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Cyber attackers turn attention to smaller businesses

More than three in five firms across the US and six European countries reported one or more cyberattacks in the past 12 months, but the proportion achieving top scores for their cyber security readiness was marginally lower year-on-year according to insurer Hiscox.

The group’s latest survey includes responses from more than 5,400 small, medium, and large businesses across the US and the UK, Germany, Belgium, France, the Netherlands, and Spain.

Hiscox reports that 55% of the UK companies participating in the survey reported a cyberattack over the period, up from 40% in the previous 12 months. Average losses from cyberattacks increased by 61%, from US$229,000 (£176,000) previously to US$369,000 (£284,000). German firms suffered the greatest number of attacks, one reporting that the cumulative cost to it had been $48 million.

Low defence budget

The Hiscox Cyber Readiness Report 2019 found that only 10% of the private and public sector organisations in the seven countries surveyed achieved high enough marks in cyber security strategy and execution to qualify as cyber security experts.

Although larger firms are still the most likely to suffer a cyberattack, the proportion of small firms with less than 50 employees reporting an incident jumped from 33% to 47%.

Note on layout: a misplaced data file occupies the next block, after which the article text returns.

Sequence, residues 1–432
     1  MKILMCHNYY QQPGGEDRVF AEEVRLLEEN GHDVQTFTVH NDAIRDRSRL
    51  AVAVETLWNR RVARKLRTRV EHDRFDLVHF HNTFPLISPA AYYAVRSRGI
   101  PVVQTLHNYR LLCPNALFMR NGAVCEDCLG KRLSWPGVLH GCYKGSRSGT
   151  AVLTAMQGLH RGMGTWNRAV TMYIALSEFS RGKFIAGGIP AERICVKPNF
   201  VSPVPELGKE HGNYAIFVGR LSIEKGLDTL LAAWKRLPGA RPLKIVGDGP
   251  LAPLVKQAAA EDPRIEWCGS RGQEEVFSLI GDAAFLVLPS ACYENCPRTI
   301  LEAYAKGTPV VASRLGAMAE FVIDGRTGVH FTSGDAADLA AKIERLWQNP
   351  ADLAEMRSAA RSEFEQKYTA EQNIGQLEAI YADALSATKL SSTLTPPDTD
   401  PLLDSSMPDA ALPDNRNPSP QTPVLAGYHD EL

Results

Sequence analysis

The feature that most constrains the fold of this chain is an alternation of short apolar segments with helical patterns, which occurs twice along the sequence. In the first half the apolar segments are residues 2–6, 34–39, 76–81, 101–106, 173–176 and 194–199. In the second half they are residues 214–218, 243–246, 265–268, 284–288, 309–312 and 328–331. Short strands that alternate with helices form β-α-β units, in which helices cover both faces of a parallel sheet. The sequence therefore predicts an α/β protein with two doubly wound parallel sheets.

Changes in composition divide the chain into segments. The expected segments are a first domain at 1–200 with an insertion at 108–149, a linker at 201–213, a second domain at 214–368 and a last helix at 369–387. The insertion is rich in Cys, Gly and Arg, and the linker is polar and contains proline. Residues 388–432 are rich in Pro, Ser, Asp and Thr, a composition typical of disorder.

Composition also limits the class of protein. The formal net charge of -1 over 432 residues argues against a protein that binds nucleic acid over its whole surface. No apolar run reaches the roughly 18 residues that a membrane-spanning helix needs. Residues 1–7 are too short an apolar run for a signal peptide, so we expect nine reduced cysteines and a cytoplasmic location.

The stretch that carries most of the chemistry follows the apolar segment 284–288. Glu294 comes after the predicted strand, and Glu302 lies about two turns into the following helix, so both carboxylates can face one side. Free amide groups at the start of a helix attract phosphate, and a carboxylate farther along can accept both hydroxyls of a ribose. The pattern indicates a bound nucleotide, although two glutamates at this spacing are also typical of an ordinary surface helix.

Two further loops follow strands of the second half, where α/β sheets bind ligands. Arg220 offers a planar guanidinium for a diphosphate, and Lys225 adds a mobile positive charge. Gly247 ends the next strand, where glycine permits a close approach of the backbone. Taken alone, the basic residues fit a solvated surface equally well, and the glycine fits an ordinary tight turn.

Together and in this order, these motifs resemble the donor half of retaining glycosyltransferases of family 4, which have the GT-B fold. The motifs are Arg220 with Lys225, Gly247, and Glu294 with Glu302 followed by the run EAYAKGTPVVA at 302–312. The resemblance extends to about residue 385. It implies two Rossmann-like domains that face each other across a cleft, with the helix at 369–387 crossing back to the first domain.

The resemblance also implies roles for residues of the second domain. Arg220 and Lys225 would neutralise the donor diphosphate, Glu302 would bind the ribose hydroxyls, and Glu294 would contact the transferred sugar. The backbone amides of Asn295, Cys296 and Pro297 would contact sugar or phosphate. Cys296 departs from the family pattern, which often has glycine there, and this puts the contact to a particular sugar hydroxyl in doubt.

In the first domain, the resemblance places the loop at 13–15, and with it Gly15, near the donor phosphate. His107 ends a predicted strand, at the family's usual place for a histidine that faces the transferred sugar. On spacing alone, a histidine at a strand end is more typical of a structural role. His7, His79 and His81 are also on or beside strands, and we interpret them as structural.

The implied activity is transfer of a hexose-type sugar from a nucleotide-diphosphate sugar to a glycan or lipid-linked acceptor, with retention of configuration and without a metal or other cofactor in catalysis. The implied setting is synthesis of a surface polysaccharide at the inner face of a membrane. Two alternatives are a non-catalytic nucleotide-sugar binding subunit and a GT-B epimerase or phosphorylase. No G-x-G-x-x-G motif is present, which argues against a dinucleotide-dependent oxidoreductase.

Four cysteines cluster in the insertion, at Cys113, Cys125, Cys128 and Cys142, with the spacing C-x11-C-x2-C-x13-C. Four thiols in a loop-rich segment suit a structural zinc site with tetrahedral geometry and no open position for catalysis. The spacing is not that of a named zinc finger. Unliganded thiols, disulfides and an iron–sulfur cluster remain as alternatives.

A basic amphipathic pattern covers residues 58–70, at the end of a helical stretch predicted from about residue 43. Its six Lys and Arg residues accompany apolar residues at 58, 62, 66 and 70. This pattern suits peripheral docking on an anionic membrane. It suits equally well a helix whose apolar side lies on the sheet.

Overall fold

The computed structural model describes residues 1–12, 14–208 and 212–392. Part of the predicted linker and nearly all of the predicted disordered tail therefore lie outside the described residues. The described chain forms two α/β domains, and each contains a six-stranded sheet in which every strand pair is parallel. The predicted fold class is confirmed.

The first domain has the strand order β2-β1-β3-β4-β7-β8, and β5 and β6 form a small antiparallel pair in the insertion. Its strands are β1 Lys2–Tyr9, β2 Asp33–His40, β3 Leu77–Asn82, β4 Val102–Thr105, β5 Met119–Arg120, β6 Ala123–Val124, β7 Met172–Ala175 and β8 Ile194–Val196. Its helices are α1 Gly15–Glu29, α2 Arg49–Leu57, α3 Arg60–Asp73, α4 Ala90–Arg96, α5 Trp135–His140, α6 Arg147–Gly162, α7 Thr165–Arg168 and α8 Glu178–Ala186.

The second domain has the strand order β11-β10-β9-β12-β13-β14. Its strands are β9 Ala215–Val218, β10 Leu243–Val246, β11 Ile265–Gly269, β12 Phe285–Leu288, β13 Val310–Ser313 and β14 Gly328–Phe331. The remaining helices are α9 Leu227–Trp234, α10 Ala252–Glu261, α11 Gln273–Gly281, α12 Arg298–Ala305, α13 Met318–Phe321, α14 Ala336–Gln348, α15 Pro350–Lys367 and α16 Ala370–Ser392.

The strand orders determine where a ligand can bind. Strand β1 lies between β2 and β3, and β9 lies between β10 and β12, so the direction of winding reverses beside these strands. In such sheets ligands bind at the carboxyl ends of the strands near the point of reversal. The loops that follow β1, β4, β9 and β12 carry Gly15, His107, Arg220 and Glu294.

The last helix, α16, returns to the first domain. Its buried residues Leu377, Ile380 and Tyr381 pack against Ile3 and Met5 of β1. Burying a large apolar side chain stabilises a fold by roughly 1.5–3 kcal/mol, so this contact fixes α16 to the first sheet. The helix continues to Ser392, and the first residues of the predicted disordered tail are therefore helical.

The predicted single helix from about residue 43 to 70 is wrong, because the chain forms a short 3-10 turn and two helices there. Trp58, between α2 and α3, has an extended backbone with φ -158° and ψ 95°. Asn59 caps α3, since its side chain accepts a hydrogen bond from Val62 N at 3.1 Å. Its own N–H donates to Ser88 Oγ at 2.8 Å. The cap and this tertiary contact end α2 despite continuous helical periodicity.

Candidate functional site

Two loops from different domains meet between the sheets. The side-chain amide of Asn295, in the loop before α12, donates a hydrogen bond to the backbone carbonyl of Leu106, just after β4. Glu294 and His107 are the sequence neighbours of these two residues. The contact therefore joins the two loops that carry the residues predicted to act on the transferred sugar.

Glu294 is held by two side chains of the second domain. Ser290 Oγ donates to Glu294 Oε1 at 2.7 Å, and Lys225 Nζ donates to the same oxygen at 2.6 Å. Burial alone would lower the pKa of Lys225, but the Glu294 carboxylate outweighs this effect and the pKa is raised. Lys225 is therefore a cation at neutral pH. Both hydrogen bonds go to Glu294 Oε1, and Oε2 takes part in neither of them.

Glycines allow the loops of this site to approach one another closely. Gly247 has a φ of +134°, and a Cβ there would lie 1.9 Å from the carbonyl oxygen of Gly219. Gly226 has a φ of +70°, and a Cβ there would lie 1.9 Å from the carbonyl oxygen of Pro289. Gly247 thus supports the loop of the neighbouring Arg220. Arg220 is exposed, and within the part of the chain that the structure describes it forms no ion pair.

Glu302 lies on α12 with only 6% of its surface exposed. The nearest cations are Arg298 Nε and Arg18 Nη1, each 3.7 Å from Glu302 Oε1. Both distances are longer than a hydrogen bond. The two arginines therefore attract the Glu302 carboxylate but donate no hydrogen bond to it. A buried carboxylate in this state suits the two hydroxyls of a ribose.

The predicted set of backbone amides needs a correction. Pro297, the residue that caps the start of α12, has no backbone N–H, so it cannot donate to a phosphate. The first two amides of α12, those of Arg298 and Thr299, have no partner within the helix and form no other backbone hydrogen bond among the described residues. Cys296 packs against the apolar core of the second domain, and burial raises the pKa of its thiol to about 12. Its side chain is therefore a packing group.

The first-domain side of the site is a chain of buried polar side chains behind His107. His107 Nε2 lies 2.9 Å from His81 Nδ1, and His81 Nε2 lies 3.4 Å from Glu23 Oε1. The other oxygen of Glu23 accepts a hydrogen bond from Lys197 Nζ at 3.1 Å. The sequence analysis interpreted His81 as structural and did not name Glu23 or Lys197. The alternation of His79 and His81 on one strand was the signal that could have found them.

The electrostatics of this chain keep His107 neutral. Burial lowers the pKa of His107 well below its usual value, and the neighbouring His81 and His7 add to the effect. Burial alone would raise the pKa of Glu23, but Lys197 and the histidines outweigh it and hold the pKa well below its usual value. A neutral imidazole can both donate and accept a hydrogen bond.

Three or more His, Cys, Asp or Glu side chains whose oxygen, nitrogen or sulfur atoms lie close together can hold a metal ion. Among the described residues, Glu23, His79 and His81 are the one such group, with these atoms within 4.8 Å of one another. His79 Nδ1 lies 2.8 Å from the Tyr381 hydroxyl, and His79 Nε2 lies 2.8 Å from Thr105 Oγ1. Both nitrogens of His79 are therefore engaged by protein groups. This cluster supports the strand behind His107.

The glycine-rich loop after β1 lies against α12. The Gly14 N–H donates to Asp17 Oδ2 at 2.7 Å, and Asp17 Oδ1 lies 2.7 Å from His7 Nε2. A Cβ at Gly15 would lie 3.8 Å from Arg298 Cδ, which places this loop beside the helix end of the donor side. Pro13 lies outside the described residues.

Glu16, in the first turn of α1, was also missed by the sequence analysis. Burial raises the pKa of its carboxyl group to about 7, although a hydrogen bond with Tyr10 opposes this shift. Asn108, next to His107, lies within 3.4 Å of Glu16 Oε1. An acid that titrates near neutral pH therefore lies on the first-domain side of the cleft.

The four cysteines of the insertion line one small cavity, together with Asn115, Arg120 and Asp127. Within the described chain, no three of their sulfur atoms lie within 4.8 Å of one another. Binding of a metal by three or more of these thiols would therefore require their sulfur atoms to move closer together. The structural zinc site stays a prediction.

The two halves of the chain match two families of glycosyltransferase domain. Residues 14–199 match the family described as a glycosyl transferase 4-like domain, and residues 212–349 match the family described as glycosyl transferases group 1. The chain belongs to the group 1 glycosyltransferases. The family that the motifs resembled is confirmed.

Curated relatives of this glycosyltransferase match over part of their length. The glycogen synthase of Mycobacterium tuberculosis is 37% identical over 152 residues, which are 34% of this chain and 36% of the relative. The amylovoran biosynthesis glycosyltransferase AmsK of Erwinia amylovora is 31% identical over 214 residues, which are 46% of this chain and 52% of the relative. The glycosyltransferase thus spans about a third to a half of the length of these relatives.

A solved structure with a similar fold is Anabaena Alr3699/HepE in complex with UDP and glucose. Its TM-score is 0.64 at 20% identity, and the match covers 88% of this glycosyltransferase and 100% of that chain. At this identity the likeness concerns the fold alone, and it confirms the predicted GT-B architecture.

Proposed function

“Where hackers formerly focused on larger companies, small and medium-sized firms now look equally vulnerable,” said Gareth Wharton, cyber CEO at Hiscox. “Cyber threat has become the unavoidable cost of doing business today,”

Of the seven countries surveyed, UK firms had the smallest budgets available to instigate measures against cyberattacks. On average, companies from the other six countries allocated an annual budget of $1.46 million to enhancing their cyber security, while the figure for UK firms was less than $900,000.

The report notes that UK firms also fared particularly badly when it came to assessing companies’ readiness to prepare against attacks.

“They may feel like they won’t be targeted, as we tend to only read about large breaches in the press,” said Wharton. “If they incorrectly feel that they won’t be targeted, they may be less likely to spend on cyber security.”

Although the report’s findings are generally gloomy, Wharton added: “The one positive is that we see more firms taking a structured approach to the problem, with a defined role for managing cyber strategy and an increased readiness to transfer the risk to an insurer by way of a standalone cyber insurance policy.”

The findings support warnings from the World Economic Forum (WEF) that cyber security has become one of the biggest issues for the global economy. It recently reported that “economic loss due to cybercrime is predicted to reach $3 trillion by 2020.” The WEF  added that “74% of the world’s businesses can expect to be hacked in the coming year.” 


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